In recent weeks, sellers on eBay have listed about 20 torches used in the Olympic relay heading toward Salt Lake City for the 2002 Winter Games. About eight of the auctions are still open, but fans should be prepared to pay a price for the memento: Bidding has routinely reached more than $2,000 a torch, and one bidder offered $6,100 in an auction for a torch and a souvenir jacket
Margarita Volker, an interior designer from Huntington Beach, Calif., has bid on two torches. An Olympics fan who has attended eight Games and already owns relay torches used in Games in Atlanta, Mexico City and Munich, Volker said she started her collection after seeing the torch run at the Nagano Games in Japan.
"It was such a great feeling to see" the torch relay, she said. "I thought it would be great to own one."
The Salt Lake City Games open Feb. 8. The torch relay began last month in Atlanta, the last U.S. city to host an Olympics. Some 11,500 torches are being used in this relay, according to relay spokeswoman Lindsay Rowles. The Salt Lake Organizing Committee chose relay participants out of a pool of more than 200,000 nominations.
The committee is selling the torches to relay participants for $335 each. About 85 percent to 90 percent of torchbearers have purchased their torches, Rowles said. The other relay participants simply returned their torches to the committee.
Rowles said the committee isn't bothered by the torch sales on eBay. In fact, the committee itselfto the auction site last year to offer tickets for the 2002 Winter Games.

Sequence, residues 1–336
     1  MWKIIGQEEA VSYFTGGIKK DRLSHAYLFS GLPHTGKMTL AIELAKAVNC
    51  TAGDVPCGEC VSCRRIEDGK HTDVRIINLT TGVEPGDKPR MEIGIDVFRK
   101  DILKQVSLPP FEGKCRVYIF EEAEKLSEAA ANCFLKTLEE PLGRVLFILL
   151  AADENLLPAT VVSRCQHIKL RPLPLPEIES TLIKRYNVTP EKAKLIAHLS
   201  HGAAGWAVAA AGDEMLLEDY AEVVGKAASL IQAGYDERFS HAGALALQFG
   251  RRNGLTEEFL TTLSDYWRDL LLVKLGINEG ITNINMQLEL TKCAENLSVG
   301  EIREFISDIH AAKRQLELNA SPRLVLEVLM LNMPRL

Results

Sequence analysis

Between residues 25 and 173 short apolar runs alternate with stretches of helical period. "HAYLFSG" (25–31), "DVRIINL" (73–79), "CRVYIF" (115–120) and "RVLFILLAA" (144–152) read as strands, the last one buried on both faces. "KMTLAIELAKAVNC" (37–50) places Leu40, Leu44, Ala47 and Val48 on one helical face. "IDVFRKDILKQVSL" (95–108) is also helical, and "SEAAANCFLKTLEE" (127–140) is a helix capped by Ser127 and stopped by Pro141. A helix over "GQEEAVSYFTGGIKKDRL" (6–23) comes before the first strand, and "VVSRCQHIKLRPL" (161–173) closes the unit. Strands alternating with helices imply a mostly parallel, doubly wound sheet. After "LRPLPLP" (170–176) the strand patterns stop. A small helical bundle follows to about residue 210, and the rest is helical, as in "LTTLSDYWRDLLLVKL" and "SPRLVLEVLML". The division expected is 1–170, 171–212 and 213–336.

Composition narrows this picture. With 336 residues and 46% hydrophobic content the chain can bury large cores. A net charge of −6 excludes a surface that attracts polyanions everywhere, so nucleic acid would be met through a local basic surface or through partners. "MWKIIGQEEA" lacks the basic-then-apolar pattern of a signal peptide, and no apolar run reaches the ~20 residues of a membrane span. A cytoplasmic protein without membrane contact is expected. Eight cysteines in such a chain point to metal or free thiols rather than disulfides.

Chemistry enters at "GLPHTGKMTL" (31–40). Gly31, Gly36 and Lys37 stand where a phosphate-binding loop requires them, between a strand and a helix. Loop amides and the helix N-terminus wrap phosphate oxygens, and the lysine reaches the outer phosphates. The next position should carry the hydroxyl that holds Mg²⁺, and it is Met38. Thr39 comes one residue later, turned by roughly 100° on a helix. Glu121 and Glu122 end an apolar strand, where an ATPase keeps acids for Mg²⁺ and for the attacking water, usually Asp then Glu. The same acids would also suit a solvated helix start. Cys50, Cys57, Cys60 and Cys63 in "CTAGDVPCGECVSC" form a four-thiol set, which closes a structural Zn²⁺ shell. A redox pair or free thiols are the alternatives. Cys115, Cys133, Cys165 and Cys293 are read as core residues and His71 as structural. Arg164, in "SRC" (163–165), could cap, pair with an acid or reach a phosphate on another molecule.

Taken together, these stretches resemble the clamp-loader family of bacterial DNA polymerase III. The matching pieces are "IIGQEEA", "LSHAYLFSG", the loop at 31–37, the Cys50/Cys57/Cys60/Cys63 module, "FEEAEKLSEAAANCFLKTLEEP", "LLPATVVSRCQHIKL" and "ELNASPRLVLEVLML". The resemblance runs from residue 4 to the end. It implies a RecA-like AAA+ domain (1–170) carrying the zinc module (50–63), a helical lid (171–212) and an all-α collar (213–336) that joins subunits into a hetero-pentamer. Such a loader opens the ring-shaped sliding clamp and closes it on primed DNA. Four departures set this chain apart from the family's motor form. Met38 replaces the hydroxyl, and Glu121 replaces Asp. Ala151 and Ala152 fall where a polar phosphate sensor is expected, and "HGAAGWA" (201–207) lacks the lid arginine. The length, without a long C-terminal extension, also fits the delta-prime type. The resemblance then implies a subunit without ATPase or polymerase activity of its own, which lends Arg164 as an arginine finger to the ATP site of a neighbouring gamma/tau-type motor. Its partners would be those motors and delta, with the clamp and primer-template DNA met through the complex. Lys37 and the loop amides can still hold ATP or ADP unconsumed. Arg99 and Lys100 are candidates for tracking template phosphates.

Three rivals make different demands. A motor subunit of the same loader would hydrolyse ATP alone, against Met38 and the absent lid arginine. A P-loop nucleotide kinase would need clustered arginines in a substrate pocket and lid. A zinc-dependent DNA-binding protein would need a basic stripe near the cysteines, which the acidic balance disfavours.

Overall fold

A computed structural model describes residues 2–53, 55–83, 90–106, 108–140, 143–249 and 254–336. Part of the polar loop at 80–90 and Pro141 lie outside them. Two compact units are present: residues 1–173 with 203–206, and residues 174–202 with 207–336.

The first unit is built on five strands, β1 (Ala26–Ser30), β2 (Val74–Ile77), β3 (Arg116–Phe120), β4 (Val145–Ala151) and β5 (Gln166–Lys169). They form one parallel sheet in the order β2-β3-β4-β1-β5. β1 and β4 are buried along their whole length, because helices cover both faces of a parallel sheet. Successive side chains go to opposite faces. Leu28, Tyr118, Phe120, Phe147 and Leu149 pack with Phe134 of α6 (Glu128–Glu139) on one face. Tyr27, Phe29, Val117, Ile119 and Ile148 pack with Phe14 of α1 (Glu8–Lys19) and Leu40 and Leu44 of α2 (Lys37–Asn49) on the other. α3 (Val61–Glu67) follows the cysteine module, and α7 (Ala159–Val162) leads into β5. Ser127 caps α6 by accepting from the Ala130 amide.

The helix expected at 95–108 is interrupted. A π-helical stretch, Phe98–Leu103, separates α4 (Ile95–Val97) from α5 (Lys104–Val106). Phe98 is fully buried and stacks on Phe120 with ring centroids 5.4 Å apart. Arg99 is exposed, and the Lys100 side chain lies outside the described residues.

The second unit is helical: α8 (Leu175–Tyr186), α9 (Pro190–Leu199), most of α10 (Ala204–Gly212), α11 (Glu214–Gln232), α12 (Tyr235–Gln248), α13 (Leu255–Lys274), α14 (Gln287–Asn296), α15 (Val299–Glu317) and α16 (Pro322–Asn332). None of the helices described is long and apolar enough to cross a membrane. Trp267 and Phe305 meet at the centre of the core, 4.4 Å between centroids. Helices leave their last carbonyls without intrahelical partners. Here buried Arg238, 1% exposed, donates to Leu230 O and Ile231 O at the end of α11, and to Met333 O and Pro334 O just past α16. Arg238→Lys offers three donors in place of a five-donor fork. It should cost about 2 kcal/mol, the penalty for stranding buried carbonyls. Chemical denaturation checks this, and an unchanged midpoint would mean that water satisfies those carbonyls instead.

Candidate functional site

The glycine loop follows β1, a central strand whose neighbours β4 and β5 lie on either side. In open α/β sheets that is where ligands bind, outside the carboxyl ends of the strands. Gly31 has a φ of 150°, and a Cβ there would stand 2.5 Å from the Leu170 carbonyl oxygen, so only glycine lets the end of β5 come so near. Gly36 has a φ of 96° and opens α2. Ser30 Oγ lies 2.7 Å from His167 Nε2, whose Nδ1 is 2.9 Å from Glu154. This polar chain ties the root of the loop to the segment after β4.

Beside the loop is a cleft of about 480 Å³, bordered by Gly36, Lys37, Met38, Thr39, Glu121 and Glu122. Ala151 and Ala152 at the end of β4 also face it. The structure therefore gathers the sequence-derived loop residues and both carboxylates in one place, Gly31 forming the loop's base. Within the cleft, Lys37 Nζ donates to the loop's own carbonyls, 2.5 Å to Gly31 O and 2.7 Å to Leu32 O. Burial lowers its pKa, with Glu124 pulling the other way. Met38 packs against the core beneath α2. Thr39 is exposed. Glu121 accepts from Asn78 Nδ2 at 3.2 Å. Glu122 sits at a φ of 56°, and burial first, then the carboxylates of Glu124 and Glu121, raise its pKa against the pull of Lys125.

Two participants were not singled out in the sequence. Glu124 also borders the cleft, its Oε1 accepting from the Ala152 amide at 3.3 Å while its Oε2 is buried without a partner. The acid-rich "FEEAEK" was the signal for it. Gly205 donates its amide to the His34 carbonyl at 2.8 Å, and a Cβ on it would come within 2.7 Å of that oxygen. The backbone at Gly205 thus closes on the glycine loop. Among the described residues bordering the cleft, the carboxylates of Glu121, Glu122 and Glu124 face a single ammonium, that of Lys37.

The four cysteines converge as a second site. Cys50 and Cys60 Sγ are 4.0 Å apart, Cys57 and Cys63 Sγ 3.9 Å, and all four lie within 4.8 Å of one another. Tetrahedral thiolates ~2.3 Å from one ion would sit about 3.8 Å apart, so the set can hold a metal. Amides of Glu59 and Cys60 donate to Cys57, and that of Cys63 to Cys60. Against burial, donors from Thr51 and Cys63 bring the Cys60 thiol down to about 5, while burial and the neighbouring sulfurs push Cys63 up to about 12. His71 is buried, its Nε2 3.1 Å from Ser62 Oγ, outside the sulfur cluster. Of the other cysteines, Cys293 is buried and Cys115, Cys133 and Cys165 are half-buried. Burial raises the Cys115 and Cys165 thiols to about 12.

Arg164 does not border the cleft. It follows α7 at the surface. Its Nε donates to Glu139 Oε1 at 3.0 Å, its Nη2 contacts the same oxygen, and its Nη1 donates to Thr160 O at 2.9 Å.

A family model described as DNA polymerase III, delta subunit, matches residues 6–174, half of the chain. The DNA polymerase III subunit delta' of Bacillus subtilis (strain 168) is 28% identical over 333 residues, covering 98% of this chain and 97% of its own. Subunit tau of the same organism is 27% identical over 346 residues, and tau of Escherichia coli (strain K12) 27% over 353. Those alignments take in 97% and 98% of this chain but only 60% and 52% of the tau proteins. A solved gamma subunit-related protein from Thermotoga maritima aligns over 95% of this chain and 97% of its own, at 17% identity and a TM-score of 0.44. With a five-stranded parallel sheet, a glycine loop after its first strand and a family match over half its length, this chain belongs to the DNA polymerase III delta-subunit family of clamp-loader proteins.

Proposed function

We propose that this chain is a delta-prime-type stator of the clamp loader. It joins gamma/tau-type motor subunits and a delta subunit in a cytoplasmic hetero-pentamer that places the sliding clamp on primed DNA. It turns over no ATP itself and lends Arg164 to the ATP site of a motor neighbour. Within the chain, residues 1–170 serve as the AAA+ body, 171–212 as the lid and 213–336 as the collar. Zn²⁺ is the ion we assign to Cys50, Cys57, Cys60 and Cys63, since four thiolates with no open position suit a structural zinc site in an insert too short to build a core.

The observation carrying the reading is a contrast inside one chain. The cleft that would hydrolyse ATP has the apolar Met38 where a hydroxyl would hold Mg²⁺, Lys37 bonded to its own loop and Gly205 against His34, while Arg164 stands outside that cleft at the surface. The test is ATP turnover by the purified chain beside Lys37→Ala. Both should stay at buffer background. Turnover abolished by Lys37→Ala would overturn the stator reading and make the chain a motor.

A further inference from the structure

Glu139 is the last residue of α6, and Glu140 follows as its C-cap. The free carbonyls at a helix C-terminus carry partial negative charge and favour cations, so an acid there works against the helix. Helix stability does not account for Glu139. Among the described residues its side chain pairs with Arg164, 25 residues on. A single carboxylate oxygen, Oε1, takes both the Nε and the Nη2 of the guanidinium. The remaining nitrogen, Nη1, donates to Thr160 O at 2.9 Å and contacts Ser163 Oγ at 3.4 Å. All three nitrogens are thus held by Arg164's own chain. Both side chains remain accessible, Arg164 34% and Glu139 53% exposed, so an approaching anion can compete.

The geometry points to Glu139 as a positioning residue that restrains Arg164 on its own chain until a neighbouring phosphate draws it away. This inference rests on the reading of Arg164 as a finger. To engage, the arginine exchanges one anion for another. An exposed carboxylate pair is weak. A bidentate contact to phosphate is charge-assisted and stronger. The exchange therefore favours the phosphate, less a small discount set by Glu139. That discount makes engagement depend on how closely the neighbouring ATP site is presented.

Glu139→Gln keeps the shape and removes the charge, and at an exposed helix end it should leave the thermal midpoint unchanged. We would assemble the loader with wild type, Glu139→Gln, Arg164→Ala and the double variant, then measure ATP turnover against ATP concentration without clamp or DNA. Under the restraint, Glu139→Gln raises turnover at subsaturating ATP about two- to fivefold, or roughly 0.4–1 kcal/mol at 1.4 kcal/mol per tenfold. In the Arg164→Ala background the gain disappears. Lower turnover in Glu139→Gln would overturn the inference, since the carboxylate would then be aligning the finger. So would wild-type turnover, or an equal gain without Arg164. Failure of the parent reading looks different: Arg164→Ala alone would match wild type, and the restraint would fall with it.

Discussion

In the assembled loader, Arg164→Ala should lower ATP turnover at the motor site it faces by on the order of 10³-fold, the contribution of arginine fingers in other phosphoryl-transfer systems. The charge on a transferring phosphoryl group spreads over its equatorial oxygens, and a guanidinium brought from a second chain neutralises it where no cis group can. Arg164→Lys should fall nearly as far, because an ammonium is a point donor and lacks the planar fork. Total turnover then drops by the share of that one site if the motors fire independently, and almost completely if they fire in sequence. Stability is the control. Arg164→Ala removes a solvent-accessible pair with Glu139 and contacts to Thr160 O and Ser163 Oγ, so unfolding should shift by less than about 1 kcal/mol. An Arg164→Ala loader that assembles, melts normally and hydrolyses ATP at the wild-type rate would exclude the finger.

"Our stand is it's their torches. Once they purchase them, they can do what they wish with them," she said, noting that only a small percentage of participants sell their torches.
Austin, Texas, resident Richard Walker joined the torch relay after he was nominated by his daughter. Although Walker said he felt honored to be chosen for the relay, he didn't want to keep the torch.
He said he decided to auction it on eBay because he thought it would fetch a fair price. With three days left in his auction, Walker's torch has received eight bids, the highest for $1,580.
"I'm not much of a sports fan," Walker said. "I probably won't spend a lot of time watching the Olympics.
"There are people who would love to have this thing, and why shouldn't they?"
Nicholas Wolaver, a public-relations account executive in Atlanta, is among those eager for a Salt Lake City Olympics torch. Wolaver has already bid in five torch auctions but says the prices had exceeded his budget.
Wolaver said he carried a torch in the relay for the Atlanta games and wants to add to his collection.
"I'm kind of an Olympic buff," he said. "I was pretty sentimental about my torch."